Latter-day Saint Life

In 1963, President Hinckley Mourned the Loss of 15 Lives in the South Pacific. Here's How Their Story Is Being Honored


In the face of tragedy, President Hinckley “took the grieving family members in his warm embrace and wept with them.” Learn how his loving response led to the conversion of one woman and impacted a community by clicking the link below.

On the island of Maupiti, part of French Polynesia in the South Pacific, the people know that the ocean can be unforgiving — often taking as much as it gives.

Near the tiny island, known as a coral atoll, is the pass of Maupiti, one of the most dangerous stretches of water between the islands. On the morning of May 23, 1963, the pass of Maupiti became the site of a tragedy when an inter-island trading boat overfilled with passengers coming from the island of Huahine was caught in the rough seas of the pass. The vessel was rolled by the waves, tossing the 42 passengers and four-man crew helplessly into the ocean before crashing against the reef.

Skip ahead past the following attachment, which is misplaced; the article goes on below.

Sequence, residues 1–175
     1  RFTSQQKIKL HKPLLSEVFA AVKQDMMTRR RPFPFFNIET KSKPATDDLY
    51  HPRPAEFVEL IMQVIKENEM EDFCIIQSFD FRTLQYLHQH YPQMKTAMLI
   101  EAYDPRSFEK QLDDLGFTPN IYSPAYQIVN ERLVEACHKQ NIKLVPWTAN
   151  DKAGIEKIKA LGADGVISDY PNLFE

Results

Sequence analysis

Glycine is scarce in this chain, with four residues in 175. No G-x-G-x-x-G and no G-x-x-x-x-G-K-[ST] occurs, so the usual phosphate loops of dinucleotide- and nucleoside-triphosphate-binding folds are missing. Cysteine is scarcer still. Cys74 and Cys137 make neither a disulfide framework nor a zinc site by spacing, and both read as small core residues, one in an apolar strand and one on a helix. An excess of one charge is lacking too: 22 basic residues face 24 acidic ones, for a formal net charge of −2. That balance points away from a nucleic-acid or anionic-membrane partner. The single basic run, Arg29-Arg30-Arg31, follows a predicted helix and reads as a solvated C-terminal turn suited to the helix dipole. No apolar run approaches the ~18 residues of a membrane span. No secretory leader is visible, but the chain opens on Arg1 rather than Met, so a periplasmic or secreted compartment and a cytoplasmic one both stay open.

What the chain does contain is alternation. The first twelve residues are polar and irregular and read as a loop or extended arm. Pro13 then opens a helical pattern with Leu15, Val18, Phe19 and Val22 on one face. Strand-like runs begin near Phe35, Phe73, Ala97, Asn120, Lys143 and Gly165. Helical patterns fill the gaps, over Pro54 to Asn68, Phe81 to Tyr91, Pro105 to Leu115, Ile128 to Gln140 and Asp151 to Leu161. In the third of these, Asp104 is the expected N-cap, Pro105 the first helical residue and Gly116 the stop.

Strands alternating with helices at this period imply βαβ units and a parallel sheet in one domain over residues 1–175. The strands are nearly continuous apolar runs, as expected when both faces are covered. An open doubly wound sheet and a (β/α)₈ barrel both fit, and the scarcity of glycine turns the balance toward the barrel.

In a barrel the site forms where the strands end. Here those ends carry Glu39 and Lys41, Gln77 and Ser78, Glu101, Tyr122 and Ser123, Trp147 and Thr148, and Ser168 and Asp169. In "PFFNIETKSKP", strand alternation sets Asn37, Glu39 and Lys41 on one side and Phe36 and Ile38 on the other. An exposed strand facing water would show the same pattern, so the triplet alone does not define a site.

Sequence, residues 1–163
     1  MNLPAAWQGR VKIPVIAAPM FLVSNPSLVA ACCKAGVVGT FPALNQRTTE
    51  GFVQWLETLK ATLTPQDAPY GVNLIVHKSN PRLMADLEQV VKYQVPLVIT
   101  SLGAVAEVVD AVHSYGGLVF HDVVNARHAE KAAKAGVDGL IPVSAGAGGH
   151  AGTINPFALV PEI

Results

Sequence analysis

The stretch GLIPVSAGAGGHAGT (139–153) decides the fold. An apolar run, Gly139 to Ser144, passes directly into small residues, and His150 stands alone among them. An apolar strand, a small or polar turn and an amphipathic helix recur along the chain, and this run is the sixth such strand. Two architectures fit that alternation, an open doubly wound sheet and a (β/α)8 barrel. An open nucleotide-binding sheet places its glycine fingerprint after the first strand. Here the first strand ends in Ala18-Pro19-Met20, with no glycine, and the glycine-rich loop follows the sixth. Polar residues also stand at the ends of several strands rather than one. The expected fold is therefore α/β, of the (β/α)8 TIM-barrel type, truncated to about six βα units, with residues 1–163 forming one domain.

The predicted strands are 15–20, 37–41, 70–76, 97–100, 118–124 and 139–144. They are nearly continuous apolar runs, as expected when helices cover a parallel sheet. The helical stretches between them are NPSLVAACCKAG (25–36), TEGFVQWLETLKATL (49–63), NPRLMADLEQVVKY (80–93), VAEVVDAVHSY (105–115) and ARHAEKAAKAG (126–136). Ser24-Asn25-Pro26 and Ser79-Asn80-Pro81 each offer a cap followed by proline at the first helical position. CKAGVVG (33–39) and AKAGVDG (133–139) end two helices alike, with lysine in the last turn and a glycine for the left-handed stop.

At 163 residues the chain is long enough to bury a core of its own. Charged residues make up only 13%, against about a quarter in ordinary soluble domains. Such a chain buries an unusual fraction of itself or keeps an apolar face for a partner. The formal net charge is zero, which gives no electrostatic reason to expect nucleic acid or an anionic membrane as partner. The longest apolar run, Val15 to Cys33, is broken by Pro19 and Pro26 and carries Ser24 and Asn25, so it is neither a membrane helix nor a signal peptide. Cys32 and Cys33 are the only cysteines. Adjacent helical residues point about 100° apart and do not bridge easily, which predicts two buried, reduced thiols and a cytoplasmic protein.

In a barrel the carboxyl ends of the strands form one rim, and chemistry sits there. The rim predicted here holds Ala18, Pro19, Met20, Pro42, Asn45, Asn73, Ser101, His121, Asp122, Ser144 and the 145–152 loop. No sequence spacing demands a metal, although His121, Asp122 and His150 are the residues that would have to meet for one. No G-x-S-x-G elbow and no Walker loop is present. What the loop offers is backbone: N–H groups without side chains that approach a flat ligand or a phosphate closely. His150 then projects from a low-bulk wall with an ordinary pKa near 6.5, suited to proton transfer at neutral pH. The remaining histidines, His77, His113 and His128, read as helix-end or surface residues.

Among the passengers that day were a number of members of The Church of Jesus Christ of Latter-day Saints who were traveling back to their homes on Maupiti after attending the dedication of a new chapel on Huahine by then-Elder Gordon B. Hinckley of the Quorum of the Twelve Apostles.

Newspapers from the islands reported that day that 15 lives were lost in the tragedy, four of whom were children under the age of five. Of the 15 lost, 14 were members of the Church.

Story by Aubrey Eyre; lead image by Jeffrey D. Allred, Deseret News.
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